Sunday, October 26, 2008

Victoria meets Kraft.

Scott and Nicola from B.C. Canada were in town so I escorted them from the Flamingo Hotel and Casino where they were staying to Kraft Boulders for some crimpy dynamic fun-stuff, which they consequently crushed. They are two strong and motivated boulderers that live on an island in B.C. I met them last Christmas at Bishop. Note that if you're bouldering in Bishop during Christmas in sub-zero temperatures, I automatically place you in my "Excellent Persons" file. We warmed up on the 30-40 ft 5.9 chimney at Plumber's crack. Then Potato Chips V2 for more warming up... The Pearl V4 went down with a flash by Scott (!) and Nicola sent second try. Scott then flashed Jenna's Jewelry V4 dyno and sent Caliman V7 with relative ease.

We then moved to Classic Monkey V6 at the Monkey Bars boulder. At that moment, the Pilar-Unit made a surprise appearance with her digital SLR. I think Pilar got some nice shots with the sun setting allowing for some high contrast polarization. I'll have to make a point of bouldering only at 3pm, or when the sun is at that certain shadow-producing angle.

Deadpoint to the jug... I missed it and ended up on a sloper for three fingers instead.

On our exit lap, Scott and I tried the Angel Dyno V7. No luck.

I took one of my patented wild helicopter-spins off the gaston and Scott saved my ass by literally catching me as my aforementioned ass plummeted to the earth like a hell-bent steroid. Mental note: Ensure presence of 6ft tall skillful spotter that outweighs you by 30-40 lbs. when doing a ridiculous dyno.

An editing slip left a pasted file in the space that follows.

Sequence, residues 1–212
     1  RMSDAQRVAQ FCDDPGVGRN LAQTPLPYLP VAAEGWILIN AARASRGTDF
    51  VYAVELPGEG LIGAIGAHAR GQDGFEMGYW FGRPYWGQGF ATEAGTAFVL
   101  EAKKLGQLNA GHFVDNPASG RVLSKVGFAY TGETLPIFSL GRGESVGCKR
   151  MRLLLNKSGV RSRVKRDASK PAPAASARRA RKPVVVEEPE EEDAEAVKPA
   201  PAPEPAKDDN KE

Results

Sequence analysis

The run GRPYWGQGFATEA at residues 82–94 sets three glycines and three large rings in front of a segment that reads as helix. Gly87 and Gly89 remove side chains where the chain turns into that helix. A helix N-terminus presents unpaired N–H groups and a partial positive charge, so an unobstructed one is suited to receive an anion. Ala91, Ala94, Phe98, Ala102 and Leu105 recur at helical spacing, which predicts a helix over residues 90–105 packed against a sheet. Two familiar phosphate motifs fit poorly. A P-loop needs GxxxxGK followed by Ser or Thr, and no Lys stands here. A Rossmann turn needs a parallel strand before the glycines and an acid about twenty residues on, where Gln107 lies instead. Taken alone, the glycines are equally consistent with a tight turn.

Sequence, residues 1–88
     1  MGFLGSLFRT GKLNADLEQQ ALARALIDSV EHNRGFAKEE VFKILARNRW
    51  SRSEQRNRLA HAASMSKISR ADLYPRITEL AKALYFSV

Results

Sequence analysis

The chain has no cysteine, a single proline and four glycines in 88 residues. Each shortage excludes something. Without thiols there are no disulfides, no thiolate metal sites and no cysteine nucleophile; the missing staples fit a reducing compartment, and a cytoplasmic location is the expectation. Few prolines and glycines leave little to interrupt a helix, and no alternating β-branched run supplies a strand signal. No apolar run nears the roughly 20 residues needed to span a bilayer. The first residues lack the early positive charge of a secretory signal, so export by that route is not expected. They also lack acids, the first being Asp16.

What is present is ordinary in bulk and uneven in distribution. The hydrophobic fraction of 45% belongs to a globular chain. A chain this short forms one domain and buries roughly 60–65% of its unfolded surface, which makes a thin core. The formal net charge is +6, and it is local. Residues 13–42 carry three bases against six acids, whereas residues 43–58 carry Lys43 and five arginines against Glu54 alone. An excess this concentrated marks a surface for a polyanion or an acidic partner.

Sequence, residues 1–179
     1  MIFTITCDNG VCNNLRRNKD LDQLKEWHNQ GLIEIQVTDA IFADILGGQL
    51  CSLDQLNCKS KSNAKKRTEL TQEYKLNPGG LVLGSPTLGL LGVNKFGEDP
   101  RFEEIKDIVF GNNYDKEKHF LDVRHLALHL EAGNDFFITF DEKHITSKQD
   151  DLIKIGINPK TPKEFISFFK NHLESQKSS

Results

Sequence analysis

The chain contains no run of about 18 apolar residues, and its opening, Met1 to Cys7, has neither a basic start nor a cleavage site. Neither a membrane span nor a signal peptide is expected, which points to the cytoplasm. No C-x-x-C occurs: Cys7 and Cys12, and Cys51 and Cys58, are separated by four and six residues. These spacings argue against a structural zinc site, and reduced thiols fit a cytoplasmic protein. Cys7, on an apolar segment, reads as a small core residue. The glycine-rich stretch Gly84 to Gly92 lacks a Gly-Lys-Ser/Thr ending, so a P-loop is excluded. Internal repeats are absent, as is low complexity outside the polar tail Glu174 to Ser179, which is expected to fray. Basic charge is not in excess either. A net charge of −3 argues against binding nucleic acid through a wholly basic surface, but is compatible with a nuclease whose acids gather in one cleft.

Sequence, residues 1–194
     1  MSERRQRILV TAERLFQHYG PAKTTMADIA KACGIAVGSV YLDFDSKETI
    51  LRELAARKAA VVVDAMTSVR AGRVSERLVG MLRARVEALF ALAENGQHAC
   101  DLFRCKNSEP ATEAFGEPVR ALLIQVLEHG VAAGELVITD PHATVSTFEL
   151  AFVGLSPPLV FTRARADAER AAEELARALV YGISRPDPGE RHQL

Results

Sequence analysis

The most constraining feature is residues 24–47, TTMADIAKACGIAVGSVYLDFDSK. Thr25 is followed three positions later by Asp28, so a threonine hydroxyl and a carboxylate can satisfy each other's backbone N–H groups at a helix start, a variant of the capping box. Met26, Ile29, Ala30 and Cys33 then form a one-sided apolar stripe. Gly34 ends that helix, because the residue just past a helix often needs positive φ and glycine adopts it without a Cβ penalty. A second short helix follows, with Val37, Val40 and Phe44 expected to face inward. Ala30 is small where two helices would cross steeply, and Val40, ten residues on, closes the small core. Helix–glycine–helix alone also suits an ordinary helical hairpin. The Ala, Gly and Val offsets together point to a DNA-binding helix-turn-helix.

Donkey Punch V4 offered the day's finale.

Monday, October 20, 2008

Glock whipped.

So I was back in the my favorite state of mind, the Garden State of mind, visiting my friend, who I'll refer to as "The Diggler", in Chatham. Now, "The Diggler" recently started to question the stability of the future as the stock market started tumbling. What would the collapse of the financial structure imply? Hungry, desperate denizens of a failed republic... clawing at the windows because they know you have a gallon of gas stashed under your bed next to your last three and a half rations the emergency provisional government handed out. And your Wii... yes, the one you waited in line for all those early morning hours! Why, if they knew you were keeping one of those devices from them! Clearly, one has got to defend oneself. But how? Why, obviously, with an Austrian-built 9mm semi-automatic and 1,000 rounds of ammo! One in the head and two in the chest (1000/3 = 333.3 zombies)! Take that you commie bastards!

OK, that's probably not how it went down in "The Diggler"'s mind, but I think my version of "The Diggler"'s thought process is likely the more entertaining version. Besides, the end result was the same. I'm standing in his kitchen, having a Smutty Nose Oatmeal ale with hummus, and there it is on the counter...

Cold, Austrian steel. Simple and reliable. I guess we won't be arguing about politics anymore. "The Diggler" is now officially always right.

Tuesday, October 7, 2008

Driving to Mt. Charleston.

Another normal Saturday heading up to the Compton Cave...

We planned on making a short tripumentary but our camera batteries died shortly after the seatbelt-bound pelvic thrustifications.